chunky wrote:adding a constant force actually modifies that persistent gravity vector
That's true that it was just quickly written example code, but I am still confused
Adding a constant force does modify the persistent gravity vector, and that's kind of the point, isn't it? I mean, gravity is a constant force, and you're just adding more to it, as I see it.
chunky wrote:the force would need a mass divisor [multiplier?] before adding it to the gravity
Also, isn't the mass of the object being taken into account in the btRigidBody::integrateVelocities() method? I don't understand why you would need a mass divisor/multiplier additional to that.
Finally, I was thinking about the vector of applied constant forces you mention, and it seems to me that more than just a vector of forces would be necessary in a lot of cases. For example, imagine a character wearing a rocket pack on a (constantly and uniformly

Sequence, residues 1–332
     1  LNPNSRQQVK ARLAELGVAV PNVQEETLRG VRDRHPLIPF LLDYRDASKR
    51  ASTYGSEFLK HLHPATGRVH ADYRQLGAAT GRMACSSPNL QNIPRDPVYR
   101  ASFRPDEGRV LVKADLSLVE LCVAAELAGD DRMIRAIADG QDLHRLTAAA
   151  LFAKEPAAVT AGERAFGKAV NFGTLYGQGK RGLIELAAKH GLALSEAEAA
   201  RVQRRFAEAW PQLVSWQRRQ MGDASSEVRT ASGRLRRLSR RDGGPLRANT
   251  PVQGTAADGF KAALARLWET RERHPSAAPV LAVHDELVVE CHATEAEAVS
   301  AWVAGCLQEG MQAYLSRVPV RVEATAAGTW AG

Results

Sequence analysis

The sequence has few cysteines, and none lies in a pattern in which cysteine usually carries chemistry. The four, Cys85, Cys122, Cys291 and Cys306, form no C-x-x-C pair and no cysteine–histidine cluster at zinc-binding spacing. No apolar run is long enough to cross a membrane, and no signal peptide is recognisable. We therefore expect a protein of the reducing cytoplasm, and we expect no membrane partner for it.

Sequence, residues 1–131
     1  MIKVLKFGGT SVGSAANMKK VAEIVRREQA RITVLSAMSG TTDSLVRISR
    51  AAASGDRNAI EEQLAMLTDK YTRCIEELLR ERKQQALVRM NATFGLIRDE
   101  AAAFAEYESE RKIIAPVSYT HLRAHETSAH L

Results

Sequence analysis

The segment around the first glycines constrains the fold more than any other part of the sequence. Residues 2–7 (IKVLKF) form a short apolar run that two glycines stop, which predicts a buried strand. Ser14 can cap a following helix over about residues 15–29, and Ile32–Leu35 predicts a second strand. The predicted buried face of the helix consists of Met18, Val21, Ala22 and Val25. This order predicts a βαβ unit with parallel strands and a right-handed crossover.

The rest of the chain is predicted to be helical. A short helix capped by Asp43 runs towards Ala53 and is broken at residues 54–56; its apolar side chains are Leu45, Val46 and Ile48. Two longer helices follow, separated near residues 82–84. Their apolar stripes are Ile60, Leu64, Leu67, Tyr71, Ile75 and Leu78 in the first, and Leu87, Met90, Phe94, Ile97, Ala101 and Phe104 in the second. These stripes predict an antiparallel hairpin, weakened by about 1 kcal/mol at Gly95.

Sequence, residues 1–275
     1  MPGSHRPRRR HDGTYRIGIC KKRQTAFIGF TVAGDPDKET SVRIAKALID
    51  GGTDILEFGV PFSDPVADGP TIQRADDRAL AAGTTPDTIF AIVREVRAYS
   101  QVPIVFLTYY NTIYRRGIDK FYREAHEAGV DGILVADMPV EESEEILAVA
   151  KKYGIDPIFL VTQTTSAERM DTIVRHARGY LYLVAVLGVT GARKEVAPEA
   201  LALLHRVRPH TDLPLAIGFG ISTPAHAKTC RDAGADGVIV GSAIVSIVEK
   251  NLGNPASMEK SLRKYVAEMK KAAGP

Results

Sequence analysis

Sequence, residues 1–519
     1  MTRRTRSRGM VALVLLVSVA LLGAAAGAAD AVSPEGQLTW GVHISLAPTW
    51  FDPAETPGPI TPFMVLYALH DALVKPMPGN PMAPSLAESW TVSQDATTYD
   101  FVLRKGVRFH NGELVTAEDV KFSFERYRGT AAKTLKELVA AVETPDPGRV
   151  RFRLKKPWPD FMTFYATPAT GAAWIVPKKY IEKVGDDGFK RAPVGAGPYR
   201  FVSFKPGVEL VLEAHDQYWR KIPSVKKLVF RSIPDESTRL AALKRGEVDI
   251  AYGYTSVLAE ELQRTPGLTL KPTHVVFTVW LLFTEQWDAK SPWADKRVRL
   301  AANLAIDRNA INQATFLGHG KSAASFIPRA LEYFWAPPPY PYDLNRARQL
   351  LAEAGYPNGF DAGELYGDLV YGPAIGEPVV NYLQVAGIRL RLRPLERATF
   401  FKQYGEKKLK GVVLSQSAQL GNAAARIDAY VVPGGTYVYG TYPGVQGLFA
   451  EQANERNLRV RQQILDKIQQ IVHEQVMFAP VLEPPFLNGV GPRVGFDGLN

) windy day. One could have typical gravity, the wind force, and the rocket force all affecting the character at the same time. If the rocket is only on for three seconds, at the end of that three seconds, how would you know which force to remove from the accumulator if you don't know the value of the force when it was added? Personally I would prefer a force and a pointer to the object that added it, which then presents problems if that object is "nature" as with the wind, which might not have an applicator, such as a rocket pack. I'll admit that this is a pretty specific example, but unless you're removing forces below/above some threshold, I think the need to know where a force came from would come up pretty often. But then again, this is me thinking in gameplay terms, which I'm not terribly good at
Please feel free to explain any of this as you might to a 3rd grader